This town must love to read.
Card-carrying patrons of the American Fork Public Library aren't picky about where they can check out books. Lines of anxious Hawthorne, Hemingway and Hardy Boy fans have formed since the library moved to an abandoned warehouse for business two weeks ago.Voters last year approved a $9.2 million bond to build several new buildings and restore the city's popular book lender at 64 S. 100 East. Pending construction work at the historic library forced a move to 88 N. Church St.
Some $4.7 million of the bond will go toward the two-year project of expanding and renovating the 63-year-old building. The remodeled facility will have about three times as much room for literacy programs, study areas and shelf space.
Hundreds of volunteers, church groups and Scout troops helped librarians paint the floor and put up walls and shelves. Even more showed up to help transplant the periodicals, pulp fiction and paperbacks, said Sheena Parker, assistant director.
Two weeks elapsed before library workers christened the checkout counters at the former warehouse of the Alpine School District.
"It really was a community effort," Parker said. "We get a lot of support from the city."
Parker said the library staff worried about the feasibility of turning a dusty, vacant building with no windows into an inviting place for literary buffs and university students.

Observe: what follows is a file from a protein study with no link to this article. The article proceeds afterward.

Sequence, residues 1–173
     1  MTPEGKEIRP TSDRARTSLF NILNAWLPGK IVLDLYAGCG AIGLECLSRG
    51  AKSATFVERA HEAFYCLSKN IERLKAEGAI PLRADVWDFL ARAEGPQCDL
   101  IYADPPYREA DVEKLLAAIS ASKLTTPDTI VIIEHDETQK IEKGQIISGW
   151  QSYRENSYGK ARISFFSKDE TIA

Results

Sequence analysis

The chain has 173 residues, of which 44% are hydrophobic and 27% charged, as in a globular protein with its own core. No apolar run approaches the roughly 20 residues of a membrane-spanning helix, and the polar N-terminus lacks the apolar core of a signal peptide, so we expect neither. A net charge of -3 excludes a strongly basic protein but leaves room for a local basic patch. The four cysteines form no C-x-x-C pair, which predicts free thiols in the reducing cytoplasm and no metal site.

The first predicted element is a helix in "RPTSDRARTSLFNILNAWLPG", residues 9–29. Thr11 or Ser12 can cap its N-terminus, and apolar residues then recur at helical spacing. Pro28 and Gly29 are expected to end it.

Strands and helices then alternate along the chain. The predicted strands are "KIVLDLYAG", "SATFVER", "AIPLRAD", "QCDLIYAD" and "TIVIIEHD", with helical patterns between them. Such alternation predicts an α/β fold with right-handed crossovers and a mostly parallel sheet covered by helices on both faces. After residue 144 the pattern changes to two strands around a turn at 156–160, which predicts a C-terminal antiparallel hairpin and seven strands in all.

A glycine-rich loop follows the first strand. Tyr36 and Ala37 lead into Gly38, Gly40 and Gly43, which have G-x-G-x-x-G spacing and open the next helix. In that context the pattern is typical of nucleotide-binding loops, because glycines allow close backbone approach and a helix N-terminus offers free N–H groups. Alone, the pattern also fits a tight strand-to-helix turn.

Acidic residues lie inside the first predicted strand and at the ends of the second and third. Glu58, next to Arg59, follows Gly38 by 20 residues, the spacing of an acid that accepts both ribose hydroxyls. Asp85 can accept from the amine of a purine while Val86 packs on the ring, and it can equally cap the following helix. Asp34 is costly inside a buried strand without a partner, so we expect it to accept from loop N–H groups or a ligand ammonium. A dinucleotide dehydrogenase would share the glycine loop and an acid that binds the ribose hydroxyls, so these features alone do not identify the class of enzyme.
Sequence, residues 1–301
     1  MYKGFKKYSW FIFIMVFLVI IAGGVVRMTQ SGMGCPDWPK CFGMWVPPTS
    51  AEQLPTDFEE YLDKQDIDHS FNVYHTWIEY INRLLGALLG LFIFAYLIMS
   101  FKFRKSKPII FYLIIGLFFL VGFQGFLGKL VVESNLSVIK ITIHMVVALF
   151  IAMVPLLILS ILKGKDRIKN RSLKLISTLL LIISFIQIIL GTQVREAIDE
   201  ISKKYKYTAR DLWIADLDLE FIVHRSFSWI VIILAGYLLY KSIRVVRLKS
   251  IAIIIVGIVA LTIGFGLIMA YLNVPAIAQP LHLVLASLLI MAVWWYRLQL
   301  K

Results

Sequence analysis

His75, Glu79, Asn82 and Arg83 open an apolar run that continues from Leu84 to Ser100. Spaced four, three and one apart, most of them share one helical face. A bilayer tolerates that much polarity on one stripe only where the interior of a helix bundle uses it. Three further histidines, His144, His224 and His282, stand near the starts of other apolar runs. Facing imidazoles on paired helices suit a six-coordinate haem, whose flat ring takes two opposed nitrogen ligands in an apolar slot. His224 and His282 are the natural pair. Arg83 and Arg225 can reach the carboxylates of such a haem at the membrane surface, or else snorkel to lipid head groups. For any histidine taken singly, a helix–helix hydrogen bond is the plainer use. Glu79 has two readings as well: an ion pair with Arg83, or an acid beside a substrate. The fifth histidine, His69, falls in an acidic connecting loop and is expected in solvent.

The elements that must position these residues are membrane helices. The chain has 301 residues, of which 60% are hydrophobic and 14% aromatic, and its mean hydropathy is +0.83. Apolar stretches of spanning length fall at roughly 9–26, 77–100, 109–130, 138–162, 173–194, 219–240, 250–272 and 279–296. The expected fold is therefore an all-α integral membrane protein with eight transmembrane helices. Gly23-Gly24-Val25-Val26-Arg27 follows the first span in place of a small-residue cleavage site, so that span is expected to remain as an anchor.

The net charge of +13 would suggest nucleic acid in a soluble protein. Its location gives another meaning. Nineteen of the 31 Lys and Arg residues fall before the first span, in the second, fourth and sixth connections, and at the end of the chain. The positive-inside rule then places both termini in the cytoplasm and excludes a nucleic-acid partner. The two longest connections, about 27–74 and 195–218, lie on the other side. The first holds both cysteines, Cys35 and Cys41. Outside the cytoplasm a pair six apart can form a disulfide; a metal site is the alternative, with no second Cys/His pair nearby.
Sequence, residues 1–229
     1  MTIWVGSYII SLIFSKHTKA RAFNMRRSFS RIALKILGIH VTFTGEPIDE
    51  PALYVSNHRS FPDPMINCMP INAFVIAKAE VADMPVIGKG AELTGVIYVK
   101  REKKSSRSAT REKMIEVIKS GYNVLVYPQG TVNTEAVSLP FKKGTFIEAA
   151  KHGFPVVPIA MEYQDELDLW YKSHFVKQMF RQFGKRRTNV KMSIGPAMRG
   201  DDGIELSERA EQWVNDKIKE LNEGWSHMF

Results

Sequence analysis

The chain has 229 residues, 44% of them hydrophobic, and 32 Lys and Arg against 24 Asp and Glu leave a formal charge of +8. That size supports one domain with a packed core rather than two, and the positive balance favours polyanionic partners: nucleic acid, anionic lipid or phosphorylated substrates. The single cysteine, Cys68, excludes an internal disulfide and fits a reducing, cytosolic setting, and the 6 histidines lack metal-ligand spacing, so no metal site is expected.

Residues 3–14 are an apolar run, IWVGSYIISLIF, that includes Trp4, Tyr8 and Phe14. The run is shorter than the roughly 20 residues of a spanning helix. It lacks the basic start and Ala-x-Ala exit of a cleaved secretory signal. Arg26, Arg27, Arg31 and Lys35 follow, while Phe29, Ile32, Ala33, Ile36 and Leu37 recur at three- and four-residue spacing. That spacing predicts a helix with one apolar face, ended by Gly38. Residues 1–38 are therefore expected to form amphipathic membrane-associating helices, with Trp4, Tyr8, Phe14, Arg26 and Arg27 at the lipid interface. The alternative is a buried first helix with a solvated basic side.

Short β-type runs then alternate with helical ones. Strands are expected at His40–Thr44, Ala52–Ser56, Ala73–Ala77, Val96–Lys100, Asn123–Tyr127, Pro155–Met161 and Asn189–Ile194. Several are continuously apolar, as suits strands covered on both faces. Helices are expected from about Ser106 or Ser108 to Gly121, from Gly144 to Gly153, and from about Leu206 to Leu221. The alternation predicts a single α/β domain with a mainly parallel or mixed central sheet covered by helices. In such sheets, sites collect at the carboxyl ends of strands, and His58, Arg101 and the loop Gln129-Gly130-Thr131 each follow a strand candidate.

"We've had a lot of favorable comments about this place," she said. "But it looks 1,000 times better than when we first opened the doors to see if we wanted to come here."
There are some rough edges, however. For example, uncovered metal beams hanging from the roof are still encrusted with dust that drifts down onto tables, shelves and books.
One patron couldn't stop sneezing. He grabbed a box of tissue while browsing.
And even the softest voice reverberates off the concrete floors and cinder-block walls.
"You can hear people talking, even if you are in the back corner," Parker said. "But we weren't a shush-shush type of library to begin with. We never have been."
A scale model and architect's rendering of the new building is on display at the no-frills temporary location. Public meetings with the architect allowed library staffers and residents a chance to discuss requests for specific amenities.
Library hours remain 9 a.m. to 9 p.m. Monday through Saturday.